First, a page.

olympic mts.

The Olympic Mountains are primarily sedimentary with some volcanic basalt at lower elevations (see USDA data). The mountains are high enough to block cloud movement from the Pacific Ocean.  The western side of the mountains is in one of the areas of greatest precipitation in the continental United States, with an annual rainfall of about 90 in. at the coast to over 200 in at higher elevations; the northeast side, in the rain shadow, is one of the driest areas on the West Coast with 15 in. at Sequim and 10 in. just north of Sequim (see rainfall map).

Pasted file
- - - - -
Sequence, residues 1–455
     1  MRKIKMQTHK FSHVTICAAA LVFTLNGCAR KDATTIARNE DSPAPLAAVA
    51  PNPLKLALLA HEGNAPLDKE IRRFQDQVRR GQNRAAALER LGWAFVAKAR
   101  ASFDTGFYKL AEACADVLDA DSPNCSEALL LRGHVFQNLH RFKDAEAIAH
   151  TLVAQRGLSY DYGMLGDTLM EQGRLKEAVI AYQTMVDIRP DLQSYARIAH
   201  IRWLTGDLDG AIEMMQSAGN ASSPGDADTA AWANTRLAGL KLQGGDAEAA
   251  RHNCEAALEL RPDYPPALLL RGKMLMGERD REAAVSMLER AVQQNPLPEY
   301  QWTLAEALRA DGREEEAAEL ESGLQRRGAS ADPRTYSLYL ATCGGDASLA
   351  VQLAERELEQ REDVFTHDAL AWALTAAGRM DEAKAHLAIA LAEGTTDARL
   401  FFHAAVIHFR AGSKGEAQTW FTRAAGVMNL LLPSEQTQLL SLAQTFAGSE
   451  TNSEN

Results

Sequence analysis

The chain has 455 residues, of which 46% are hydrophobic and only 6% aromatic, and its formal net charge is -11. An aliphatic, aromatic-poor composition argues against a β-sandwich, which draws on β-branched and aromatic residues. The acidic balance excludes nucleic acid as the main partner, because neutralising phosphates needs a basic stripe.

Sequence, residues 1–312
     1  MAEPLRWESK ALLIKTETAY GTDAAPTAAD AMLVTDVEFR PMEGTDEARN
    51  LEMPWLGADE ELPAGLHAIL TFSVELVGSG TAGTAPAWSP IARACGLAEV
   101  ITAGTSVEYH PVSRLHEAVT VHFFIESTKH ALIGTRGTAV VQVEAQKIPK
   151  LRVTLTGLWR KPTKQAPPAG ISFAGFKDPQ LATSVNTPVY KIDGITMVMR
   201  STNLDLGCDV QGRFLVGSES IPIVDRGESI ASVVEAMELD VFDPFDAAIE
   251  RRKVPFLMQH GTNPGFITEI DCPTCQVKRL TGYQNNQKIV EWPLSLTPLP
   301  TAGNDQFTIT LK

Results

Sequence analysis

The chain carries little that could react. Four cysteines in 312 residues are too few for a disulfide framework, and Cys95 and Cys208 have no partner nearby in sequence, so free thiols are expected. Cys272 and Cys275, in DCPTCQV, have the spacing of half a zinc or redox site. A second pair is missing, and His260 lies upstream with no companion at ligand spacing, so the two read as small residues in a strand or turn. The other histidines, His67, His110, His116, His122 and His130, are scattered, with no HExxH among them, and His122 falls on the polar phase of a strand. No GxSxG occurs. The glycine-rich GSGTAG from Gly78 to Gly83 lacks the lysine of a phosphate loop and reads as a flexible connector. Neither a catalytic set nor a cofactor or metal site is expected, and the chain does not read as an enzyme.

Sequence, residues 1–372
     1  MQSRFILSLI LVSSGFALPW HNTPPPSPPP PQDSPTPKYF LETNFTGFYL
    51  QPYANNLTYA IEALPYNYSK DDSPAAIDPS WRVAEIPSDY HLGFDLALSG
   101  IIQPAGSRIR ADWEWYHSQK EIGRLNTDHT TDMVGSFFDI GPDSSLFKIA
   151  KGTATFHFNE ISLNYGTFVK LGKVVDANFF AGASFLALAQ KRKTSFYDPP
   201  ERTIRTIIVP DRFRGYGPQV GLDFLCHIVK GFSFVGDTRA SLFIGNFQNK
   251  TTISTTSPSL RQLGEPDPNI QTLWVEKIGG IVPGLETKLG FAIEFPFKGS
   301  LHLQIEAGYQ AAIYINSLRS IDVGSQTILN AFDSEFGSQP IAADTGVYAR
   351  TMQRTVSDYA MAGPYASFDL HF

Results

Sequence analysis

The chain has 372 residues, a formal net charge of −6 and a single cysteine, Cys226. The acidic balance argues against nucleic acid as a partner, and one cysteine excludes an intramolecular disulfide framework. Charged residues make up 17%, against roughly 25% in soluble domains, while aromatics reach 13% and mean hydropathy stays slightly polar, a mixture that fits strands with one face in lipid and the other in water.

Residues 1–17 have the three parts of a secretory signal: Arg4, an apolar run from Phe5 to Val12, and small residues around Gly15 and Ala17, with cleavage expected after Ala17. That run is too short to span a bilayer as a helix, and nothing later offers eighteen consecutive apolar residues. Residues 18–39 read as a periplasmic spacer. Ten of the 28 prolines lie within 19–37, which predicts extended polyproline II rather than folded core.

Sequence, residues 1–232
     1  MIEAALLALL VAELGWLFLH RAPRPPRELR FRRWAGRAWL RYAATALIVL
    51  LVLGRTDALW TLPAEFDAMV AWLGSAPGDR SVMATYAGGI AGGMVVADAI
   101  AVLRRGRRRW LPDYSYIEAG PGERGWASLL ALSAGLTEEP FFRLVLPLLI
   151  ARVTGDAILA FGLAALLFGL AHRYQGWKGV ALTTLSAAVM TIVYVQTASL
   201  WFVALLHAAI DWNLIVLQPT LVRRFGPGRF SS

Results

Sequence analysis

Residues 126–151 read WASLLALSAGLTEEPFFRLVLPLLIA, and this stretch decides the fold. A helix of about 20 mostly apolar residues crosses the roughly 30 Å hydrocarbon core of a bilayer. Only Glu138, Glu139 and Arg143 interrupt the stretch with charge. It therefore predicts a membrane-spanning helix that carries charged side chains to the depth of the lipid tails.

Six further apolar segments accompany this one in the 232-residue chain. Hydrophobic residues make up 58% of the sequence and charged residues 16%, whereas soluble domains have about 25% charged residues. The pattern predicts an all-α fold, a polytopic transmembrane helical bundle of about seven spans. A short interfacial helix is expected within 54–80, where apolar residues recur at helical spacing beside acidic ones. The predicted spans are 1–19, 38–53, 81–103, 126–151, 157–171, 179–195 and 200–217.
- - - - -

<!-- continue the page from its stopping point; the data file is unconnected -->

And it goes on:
There are at least 8 endemic plants in the Olympic Mountains, several are shown below.  The best alpine plants occur in the dryer alpine zones on the east and north sides of the Olympics.  The best known of these is the Mt Townsend and Buckhorn/Marmot Pass areas of the east side.  These are accessible by trail only.  The areas from Mt Angles to Deer Park are accessible by road from the Port Angles area.

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Collomia debilis

at Obstruction Point photo by Dan Douglas